The Oklahoma Senate passed Senate Joint Resolution 43 and Senate Joint Resolution 44 and sent them to the House of Representatives. These bills seem to have found no reason in debate other than the courts need to be accountable.
The alternative debate has been that courts need not be accountable to anything but the law. Of course, if you want to pass unconstitutional legislation and always assure victory in court, you surely do want the court to be beholden to you.
Attacks on the courts are not new. Countless stories, newscasts and a couple of books have been written about the judicial scandal of the 1960s.
The reforms passed in 1967 have provided a scandal-proof system.
The new proposed reforms give the governor, with the approval of Oklahomas Senate, a certain path to make purely political appointments to the highest courts in our state.
A Feb. 24 editorial in The Norman Transcript gives the best short definition of the current Judicial Nominating Commission:
Currently, the JNC vets applicants for open positions on Oklahomas appellate courts and provides the governor with a final three to choose from. The board has six members appointed by the governor, six from the Oklahoma Bar Association, one selected at large and one each from the leaders of the Oklahoma House and Senate.
The appointment of the latest justice to the Oklahoma Supreme Court by Gov. Mary Fallin doesnt seem to have stirred up the usual anti-JNC antagonists.
That might give some weight to the argument there is nothing wrong with the system; its just that Gov. Brad Henry appointed too many justices during his tenure. If thats the problem, time will fix it without turning back to a politically engineered system proven to be corrupt.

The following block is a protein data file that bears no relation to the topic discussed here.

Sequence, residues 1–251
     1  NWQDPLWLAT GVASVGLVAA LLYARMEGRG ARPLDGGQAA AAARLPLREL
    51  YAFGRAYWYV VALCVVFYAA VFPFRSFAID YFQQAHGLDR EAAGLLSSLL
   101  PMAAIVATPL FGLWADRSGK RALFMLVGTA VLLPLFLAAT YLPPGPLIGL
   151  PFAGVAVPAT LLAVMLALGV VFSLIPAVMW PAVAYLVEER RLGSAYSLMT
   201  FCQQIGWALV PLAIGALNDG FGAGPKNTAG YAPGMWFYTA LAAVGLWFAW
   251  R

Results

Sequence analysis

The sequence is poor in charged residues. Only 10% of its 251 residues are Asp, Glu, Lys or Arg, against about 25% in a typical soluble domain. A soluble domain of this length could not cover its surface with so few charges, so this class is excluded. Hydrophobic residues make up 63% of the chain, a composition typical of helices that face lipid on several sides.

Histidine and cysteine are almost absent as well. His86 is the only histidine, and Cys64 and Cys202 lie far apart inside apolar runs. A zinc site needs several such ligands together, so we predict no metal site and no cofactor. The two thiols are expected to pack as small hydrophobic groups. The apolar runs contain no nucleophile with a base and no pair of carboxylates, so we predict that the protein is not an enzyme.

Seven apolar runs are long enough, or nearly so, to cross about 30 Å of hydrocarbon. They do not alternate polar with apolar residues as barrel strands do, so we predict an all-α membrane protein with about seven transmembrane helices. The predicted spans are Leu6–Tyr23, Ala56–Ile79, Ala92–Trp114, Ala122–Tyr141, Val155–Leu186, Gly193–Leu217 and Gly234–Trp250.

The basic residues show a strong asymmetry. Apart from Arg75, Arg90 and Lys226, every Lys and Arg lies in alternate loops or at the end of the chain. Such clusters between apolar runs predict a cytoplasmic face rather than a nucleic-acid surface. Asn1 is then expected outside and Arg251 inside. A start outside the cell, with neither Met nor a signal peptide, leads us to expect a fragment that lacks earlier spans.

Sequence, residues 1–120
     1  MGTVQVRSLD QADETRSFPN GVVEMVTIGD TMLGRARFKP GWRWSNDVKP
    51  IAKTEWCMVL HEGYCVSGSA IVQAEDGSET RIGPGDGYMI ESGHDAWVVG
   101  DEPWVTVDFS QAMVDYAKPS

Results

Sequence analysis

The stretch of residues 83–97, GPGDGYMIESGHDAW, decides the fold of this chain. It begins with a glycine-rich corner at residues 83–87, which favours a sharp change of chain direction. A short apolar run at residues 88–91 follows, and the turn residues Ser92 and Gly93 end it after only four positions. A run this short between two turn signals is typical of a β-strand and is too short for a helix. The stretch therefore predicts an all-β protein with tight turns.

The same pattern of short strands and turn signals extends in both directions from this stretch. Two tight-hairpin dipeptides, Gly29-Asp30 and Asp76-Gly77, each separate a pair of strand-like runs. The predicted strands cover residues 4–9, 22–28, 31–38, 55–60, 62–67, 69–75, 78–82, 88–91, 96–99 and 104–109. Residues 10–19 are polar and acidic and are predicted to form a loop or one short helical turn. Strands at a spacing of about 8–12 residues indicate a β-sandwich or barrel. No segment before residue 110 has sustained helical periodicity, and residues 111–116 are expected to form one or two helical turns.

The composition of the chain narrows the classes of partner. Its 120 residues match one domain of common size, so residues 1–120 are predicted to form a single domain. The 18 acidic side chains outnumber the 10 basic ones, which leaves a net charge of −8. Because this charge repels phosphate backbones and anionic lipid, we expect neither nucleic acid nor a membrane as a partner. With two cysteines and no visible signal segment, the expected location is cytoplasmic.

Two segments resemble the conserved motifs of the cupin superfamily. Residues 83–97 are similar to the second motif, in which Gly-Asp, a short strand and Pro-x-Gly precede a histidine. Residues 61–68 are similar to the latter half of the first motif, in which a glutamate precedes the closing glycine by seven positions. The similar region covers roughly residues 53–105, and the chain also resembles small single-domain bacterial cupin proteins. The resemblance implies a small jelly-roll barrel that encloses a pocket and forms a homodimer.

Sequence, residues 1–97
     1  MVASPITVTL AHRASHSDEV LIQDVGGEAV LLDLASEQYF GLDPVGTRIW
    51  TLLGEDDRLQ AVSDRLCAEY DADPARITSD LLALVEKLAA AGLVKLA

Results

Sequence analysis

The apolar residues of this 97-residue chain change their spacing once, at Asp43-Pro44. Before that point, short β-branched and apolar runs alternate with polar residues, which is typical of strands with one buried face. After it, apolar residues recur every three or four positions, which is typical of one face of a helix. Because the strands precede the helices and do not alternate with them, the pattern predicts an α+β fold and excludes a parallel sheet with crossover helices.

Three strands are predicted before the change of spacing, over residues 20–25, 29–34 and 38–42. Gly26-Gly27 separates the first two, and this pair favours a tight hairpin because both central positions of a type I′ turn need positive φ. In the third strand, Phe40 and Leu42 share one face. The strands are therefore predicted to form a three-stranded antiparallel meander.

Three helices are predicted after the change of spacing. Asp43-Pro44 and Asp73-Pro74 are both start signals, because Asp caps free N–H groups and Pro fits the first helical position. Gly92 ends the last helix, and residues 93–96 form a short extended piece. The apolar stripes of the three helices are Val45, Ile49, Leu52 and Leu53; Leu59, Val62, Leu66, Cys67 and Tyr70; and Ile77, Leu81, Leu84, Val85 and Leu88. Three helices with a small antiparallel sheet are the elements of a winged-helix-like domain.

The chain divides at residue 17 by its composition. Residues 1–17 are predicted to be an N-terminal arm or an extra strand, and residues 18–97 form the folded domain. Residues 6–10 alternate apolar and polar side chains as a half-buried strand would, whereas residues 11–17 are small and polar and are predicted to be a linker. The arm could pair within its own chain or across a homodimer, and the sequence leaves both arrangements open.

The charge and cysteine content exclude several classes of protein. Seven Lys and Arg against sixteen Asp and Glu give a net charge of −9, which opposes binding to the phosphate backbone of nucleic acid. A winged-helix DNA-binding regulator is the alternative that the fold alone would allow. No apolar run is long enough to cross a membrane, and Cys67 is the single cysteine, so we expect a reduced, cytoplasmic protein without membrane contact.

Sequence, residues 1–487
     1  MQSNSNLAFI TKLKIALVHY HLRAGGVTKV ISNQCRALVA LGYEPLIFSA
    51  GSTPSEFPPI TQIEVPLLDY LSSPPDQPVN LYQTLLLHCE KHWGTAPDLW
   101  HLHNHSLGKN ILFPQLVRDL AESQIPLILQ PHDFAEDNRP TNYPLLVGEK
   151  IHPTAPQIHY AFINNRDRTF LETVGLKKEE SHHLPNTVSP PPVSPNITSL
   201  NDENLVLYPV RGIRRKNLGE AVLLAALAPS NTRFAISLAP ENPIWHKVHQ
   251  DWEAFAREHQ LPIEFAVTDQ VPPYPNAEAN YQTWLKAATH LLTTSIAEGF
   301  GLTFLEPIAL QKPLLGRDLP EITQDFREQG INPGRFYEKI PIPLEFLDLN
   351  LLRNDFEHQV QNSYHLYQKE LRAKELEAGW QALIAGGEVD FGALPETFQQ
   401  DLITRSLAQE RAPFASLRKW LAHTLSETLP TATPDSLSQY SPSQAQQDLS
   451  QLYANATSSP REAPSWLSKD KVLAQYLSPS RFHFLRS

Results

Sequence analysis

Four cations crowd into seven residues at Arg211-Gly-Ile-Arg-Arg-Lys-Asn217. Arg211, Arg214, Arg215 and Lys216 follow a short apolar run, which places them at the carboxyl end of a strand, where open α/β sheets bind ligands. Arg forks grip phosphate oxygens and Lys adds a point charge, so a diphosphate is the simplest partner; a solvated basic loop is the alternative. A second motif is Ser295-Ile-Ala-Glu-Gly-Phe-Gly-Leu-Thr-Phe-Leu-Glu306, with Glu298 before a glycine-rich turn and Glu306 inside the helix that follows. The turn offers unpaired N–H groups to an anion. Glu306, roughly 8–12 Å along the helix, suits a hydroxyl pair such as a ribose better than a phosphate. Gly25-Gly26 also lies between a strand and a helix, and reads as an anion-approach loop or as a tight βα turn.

I admit this is about as interesting as airplane safety rules pretty dull and uninteresting unless the captain announces to brace for a crash landing. Funny how those brochures in the seat back and the lighted exit signs do not mean much until you are losing altitude at an incredible rate. By that time, its a little late to read the safety card.
That is how it is with the JNC and protecting the public from a politically charged judicial selection process.
Most of the critics and politicians who wish to return to the old system were either not alive or were not of an age to have sufficient memory to recall the worst judicial scandal in the history of the United States. They seem to be certain that history could not possibly repeat itself with them in the cockpit and political parties acting like control towers.
Certain aircraft, like judicial selection methods, are known to have high crash rates.
Undoing our current method and leaving the selection of judges to solely partisan political maneuvers is more like parking an aircraft with a perfect record and bringing back the Hindenburg.
Anyone who has made a scholarly study of judicial selection processes knows that the system being passed off as reform is certain to blow up or have a crash landing.
John Morris Williams is executive director of the Oklahoma Bar Association.
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Print headline: Brace for another crash landing